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Cambodia coffee: grounds for optimism?

Use numbers to locate on street map below

In 2013 I posted an article about Takhmau (or Takhmao) and its many beer gardens. They were then, and remain today, far from friendly to women and girls. 

In fact back then I used a pseudonym as certain owners, patrons, and local elite would not have been pleased. I think I am safe to own up today, so it is reproduced below.

At that time Takhmau only had simple coffee on sale. It was the usual strong Robusta bean, usually Vietnamese, high roast, and served after being dispensed through a cloth filter. It came with canned sweetened milk.  The most popular establishments were packed out whenever kick-boxing was televised.  You would know by the din and haphazard packing of motodop bikes.  Three of them are still in business (Photographs 1,2).

There has however been a revolution in the coffee trade, with numerous establishments now opening up all over Takhmau (see map below).  Even if they won't supplant the ubiquitous beer gardens; karaoke parlours, micro-finance and hair-dressing shops for some time, they are well on their way to do so. 

You can now choose any variety of good coffees, although sadly in my view Mondulkiri and Strung Treng coffees are hard to find.  Owners do  not convince me that what they offer instead is better.

Two things distinguish the new crop of coffee places.

The biggest development is that women and girls frequent these new places, often on their own without males, and in this sense, they do mark a revolution; liberation with no loss of respectability. Secondly, they actually have clean toilets; hand-basins and soap although that novelty may not last. My insinuation is based on previous experience with new restaurants in Takhmau.

The first attempt to introduce shall we say a modern cafe-type place was Papa’s (3).  It did quite well but not well enough and the site was taken over by “Rosewood” Coffee shop that has now become “Burlap” (4).  A similar venture opened around the same time near the Kandal Provincial HQ.

Those pioneers did not reach beyond an older well-to-do clientele, at least not until they saw the success of “Conexion” and “Spring” that catered for the first time to the emerging social media savvy youth.  These places model themselves on European continental cafes.  The only thing that is missing is neither sells much coffee!  They both offer live music and modest food prices as well as cocktails. 

One of the owners asked me not long after opening “What do I do about these schoolgirls?”  The girls arrived in their school uniforms; went around the back to the toilets and changed.  The boys didn’t bother.  He was worried that he would be shut down for defying tradition. ‘What if their parents see them here?”  In my usual way, the way that older Cambodians seldom employ, I suggested “Well ask them?” They seem to be pretty well-behaved youngsters to me. Not many take alcohol or seem under influence of drugs.  Isn’t it better that they hang out here than street corners, etc? They’ve proved to be no bother, wi-fi addicts occupying their time peering in to small-screens, hardly a word in conversation.

Now please be under no doubt most of these youngsters are pressing boundaries.  They loved King Sihanouk and Sam Rainsy almost as much as their selfies. They wanted change.  They still do.

Then as we see so often in Cambodia, commercial success is soon copied.  Quite a lot of more modest cheaper coffee places popped up (7,9) as well as two exact copycats and one similar but offering cakes. Two of these lasted less than a year.  Most recently we have one of the Phnom Penh elite brands “Xotique” (5) opened up.  There is also the pleasant small but in my view best value “Coffee Today” opposite Lucky Supermarket and the Pizza Company.  Apart from the obvious photogenic quality for the centre spot, you will see one more variation on our UK national flag!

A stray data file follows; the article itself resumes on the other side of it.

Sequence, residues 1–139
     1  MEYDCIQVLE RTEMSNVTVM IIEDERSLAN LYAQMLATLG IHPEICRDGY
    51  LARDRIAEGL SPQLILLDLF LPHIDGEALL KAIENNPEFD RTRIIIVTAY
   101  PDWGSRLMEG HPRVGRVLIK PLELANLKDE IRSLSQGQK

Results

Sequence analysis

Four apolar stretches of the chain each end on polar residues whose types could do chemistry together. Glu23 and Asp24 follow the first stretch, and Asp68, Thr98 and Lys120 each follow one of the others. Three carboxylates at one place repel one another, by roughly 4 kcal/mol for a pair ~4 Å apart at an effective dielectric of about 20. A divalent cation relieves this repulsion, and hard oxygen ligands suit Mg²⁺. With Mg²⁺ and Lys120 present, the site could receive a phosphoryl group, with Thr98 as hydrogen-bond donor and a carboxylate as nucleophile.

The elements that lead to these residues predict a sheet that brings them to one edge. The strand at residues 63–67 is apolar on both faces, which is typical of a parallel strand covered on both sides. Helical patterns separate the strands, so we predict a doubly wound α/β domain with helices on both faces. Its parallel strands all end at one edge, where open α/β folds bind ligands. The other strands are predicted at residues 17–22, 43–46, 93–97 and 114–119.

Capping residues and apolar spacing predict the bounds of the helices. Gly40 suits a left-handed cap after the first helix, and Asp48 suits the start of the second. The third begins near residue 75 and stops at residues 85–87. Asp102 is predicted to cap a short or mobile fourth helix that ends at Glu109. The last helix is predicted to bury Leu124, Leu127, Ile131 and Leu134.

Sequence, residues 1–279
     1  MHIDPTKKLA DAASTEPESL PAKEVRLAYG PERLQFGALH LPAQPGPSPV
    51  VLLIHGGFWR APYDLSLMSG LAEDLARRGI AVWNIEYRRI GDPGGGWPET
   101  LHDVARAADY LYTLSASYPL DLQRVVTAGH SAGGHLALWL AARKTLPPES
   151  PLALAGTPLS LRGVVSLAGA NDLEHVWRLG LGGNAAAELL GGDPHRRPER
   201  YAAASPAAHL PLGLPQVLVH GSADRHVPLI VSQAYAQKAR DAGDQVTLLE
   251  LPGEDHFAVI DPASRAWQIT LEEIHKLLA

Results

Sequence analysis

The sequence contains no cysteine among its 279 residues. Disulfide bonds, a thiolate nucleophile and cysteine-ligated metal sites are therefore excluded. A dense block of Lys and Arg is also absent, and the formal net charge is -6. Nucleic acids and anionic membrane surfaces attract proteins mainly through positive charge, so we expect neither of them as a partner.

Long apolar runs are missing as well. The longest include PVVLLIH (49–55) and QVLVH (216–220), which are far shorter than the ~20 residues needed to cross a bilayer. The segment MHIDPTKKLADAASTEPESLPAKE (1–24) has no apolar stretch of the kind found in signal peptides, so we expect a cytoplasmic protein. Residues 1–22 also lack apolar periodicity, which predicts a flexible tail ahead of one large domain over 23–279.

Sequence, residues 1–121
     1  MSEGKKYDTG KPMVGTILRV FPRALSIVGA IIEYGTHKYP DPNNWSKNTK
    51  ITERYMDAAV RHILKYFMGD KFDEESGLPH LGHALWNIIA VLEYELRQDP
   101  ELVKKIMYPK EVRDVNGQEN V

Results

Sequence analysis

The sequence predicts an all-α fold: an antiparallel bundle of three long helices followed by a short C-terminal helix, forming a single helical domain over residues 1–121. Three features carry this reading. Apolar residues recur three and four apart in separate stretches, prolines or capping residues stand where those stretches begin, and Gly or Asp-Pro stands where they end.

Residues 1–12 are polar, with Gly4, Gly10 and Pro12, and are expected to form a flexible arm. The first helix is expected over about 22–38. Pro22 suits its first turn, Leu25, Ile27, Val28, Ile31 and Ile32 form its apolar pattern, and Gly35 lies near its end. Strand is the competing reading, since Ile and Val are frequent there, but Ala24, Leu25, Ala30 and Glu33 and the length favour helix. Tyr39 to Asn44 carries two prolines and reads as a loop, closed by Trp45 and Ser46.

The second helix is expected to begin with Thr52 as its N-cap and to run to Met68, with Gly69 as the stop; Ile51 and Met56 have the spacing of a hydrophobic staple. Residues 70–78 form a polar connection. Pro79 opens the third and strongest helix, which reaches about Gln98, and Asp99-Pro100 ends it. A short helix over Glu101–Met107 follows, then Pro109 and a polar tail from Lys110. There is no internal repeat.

To go with the new coffee shops, we also have two hotels (so far) with swimming pools. Oneis definitely family orientated.  The other is also one of a bunch of mega-karaoke parlours, needed to address Takhmau’s chronic shortage of such establishments (sic).

"Cool" Beer Garden
The Beer Gardens still proliferate, and though they are "cheap and cheerful", for families, you can't be sure how respectable they are, any time day or night. Two, however, are fine - "888" on the main road to Sa'ang left almost opposite a mega-karaoke and Westland School.  The other "Cool" head further out, turn right at the orbital road, and you will see the signs for Cool on the right and A-one on the left, just before LHR and Total stations. It is a real rural garden spot.

Sundowner at Fresh Beer
The shame about most ventures in Takhmau is after a lively start - courtesy of the traditional free opening feast - trade falls off. Anyway hats off to those who try, especially ones who are different such as our new Korean Restaurant.

And finally we have our very own micro-brewery.  If you appreciate British-style cask beers, bitter and stout, and not served via gas propulsion, then it is well worthwhile making the trip out.  Let them know the Takhmau Barang sent you.

Who needs to go to Phnom Penh or want to be part of it?  Let’s keep Takhmau in Kandal!

My 2013 Article - first of its kind about Takhmau.

Women and girl customers cannot feel at home in beer gardens that cater exclusively for their menfolk, with female staff to entertain them as hostesses; singers, dancers and more. They survive only through working long and hard, with meagre income unless tipped generously. They are at even more risk than Beer Promoters. See also Guardian.

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